The unpredictable and changeable nature of the weather here mirrors my writing life. Turmoil about whether my writing is good enough, whether I will finish my novel to my satisfaction, whether I will one day be published affects my mood on a daily basis. I’m sure all artists suffer the same angst. I think overcoming my doubts and fears is a process, one which all writers must work through to become healthy and productive. Learning to manage writing and living in the world is a struggle, one all writers are familiar, but because I have the summer off from my job, I have the luxury of tackling my writing full time right now, and I plan to take full advantage of my time. After a wonderful week last week at Write- by-the-Lake in Madison, Wisconsin, under the tutelage of Laurie Scheer, Media Goddess, I’ve committed to two things for the summer: being healthy and being a productive writer. Today was the first day to put my plans into action.Stella and Me after a Run

My day started with a two mile run with Stella, my running partner (See above photo). We managed to outrun the rain today but only just. I can’t help noticing the metaphor there. I often feel just ahead of my doubts and feelings of inadequacy, but I managed to finish the run and write this blog post and work on my novel which (Laurie if you’re reading this) WILL be published soon! The trick to success, I think, whether it is in being healthy or being productive at work or writing is having a plan and putting the plan into action. I have to block out time to do what is important, make time to reach my goals and achieve what sometimes seems impossible. I outran my doubts today just as I outran the weather. Each day I just have to realize that though there will be stormy days full of rain in this writing life, they are necessary because the rain yields beautiful results. Write on people!Peonies in Celadon vase

Hello world!

Southern Roots and Northern Blossoms

Twenty six years ago as one of my bridal showers was wrapping up, Mrs. Shirley Friedman and I were talking about my upcoming marriage. I felt overwhelmed with the generosity of my mother’s friends and wondered what would become of me when I left my home in Georgia to marry my handsome Marine husband.

You see, he was also a Yankee which could only mean one thing—he didn’t have the appreciation for the South that native Southerners do, a potential problem when it comes to choosing where to live. I was scared to death he would take me out of the South; I was right to be afraid. Though we didn’t immediately move away from all that was dear and familiar to me, moving was inevitable when he became a helicopter pilot.

I confessed my misgivings to Ms. Shirley. (Any well-raised southern child knows you never address one of your elders by their first name. You always include an honorific even with a first name.) She understood my dilemma immediately.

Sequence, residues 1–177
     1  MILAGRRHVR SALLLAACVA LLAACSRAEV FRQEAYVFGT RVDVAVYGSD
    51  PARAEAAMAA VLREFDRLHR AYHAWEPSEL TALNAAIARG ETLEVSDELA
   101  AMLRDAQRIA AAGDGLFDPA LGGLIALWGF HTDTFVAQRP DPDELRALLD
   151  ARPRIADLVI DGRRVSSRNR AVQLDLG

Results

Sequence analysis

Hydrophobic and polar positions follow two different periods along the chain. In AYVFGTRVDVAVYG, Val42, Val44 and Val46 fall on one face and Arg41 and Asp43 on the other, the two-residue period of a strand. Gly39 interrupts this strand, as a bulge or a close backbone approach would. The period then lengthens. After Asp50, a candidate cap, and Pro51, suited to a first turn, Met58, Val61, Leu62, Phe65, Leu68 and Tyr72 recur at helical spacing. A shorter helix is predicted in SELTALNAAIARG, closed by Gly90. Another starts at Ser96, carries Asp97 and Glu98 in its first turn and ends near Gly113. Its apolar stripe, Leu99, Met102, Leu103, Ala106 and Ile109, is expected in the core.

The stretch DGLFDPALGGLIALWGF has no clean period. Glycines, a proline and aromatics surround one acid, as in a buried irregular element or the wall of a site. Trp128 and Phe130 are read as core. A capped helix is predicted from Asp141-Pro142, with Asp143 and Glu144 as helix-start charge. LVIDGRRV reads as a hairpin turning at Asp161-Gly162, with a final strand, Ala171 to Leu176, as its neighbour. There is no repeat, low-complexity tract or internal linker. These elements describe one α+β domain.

When she wedded Mr. Maurice, she lived in LaGrange, Georgia, and he moved her all the way to Sandersville, only a couple of hours away, but back then it might as well have been a world away. She tried to ease my mind. “You shouldn’t worry, Sugar,” she told me. “You’ll have Southern roots but you’ll have Northern blossoms!” I was charmed but still dubious. I wasn’t sure I could be as optimistic about my future away from home, but if Ms. Shirley had faith that I could blossom in the midst of a strange locale.

It has taken me many years to acclimate to the Midwest and to lose a great deal of the accent that so marked my language when we first moved here, but I have remembered Ms. Shirley’s words. Her words have inspired me to do something with my life, to plant seeds and nurture them to see what my “blossoms” will be. I have worked as a travel agent, substitute teacher, stringer reporter, and high school English teacher. I am now moving into the next phase of my life.

Ms. Shirley is still my mother’s friend. She and I still keep in touch, occasionally through the mail but also through Mama. I owe her a debt of gratitude not only for the title of my blog, but also for her faith in me, a faith I’ve finally come to share. In my early years I was sustained by family, by red Georgia clay under a sky shaded by pines. The South with all its flaws and finery formed my core.

In the South I absorbed the stories of my people, the cadence of their language, the history of my home, but now I walk among those with clipped vowels and curt nods. I bathe in the lakes and rivers of the Midwest where I feel the essence of this land coursing through me. Something about this place feels limitless—I know why settlers went west years ago—it’s a place where I can create my own place, my own destiny. This is a place where a woman like me can become what she wills. A writer. With southern roots and northern blossoms.